Graph of Island Park Reservoir volume

Graph of outflow from Island Park Reservoir

Graph of flow through Box Canyon

What does this mean for the 2019 fishing season?

With almost 8 weeks still remaining in the snow accumulation season, the range of possible peak SWE values is pretty large. Worst-case scenario is that we get no more precipitation the rest of the winter and end up at 60% of average SWE. This would put the 2019 snowpack close to the minimum experienced over the last 30 years. Of course, that won’t happen, given that moderate precipitation is forecast with high confidence 3-5 days from now. Based on long-term outlooks, there is a pretty good chance of receiving average precipitation for the rest of the winter, which would result in peak SWE of about 93%. We would need 120% of average precipitation over the next 8 weeks to reach average in early April. Although well within the range of possibilities, 120% of average precipitation for the rest of the winter is not likely. At this point, I predict that peak SWE will end up around 90% of average, which is pretty good considering that SWE was below 70% of average in early January.

When and where this year’s snowpack contributes to streamflow depends on how it is distributed across the watershed and how fast it melts. Right now, the upper Henry’s Fork and Teton subwatersheds seem likely to end up with SWE near average, but peak SWE in Fall River will almost certainly be below average. Based on these predictions and on current baseflows (amount of water in streams during the late winter, when groundwater is the primary source), summertime streamflow is likely to be around average in the upper Henry’s Fork and Teton River and around 85% of average in Fall River. Depending on spring and early summer rain, these conditions would suggest summertime streamflow in Fall River that is only about 80-90% of its 2018 value and delivery of storage from Island Park Reservoir that is a little higher than it was in 2018. However, I do not anticipate extended periods of outflow from Island Park Reservoir any higher than around 1,300 cfs.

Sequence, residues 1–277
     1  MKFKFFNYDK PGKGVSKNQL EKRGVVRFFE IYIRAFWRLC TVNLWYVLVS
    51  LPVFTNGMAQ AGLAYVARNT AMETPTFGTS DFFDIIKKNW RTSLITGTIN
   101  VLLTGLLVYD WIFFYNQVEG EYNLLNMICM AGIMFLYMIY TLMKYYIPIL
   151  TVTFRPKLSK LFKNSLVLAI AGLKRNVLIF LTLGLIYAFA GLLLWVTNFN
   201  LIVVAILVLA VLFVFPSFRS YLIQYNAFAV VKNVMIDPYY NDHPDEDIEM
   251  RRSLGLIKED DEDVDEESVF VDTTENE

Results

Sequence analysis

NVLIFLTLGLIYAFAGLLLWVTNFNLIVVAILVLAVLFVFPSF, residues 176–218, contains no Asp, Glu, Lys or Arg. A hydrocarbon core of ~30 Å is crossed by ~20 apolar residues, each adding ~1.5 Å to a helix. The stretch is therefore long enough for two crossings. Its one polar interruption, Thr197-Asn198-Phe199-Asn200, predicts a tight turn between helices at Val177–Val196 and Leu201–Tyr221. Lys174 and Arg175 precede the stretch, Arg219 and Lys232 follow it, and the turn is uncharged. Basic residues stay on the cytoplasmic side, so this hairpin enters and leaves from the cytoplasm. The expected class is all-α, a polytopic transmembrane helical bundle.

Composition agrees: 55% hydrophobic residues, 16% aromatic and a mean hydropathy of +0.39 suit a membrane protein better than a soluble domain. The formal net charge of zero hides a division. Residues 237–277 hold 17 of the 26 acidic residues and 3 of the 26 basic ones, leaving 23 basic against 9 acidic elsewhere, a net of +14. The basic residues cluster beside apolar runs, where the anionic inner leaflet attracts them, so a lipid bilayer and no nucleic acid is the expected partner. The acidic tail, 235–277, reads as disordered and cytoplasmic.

Regardless of what the weather is like between now and irrigation season, two things are certain at this point. First, because Island Park Reservoir is so close to full, outflow from the reservoir during periods of snowmelt and rain-fed runoff this spring will be roughly the same as inflow, resulting in natural springtime freshet flows in the river downstream of the dam. If rain events are heavy, like they were in 2018, some of these runoff flows could be pretty high–1,600 cfs or greater–and could result in rapid flow changes in response to changes in the weather. The second thing that is certain right now is that trout recruitment in the river downstream of Island Park Dam will be very good this year and next year, due to well above-average winter flow both last year and this year. Whether we get a third consecutive year of high winter flows will depend on the 2019 snowpack, spring and summer rain, and how much more water can be saved in Island Park Reservoir as HFF and its partners continue to expand irrigation demand-reduction and precision water management programs.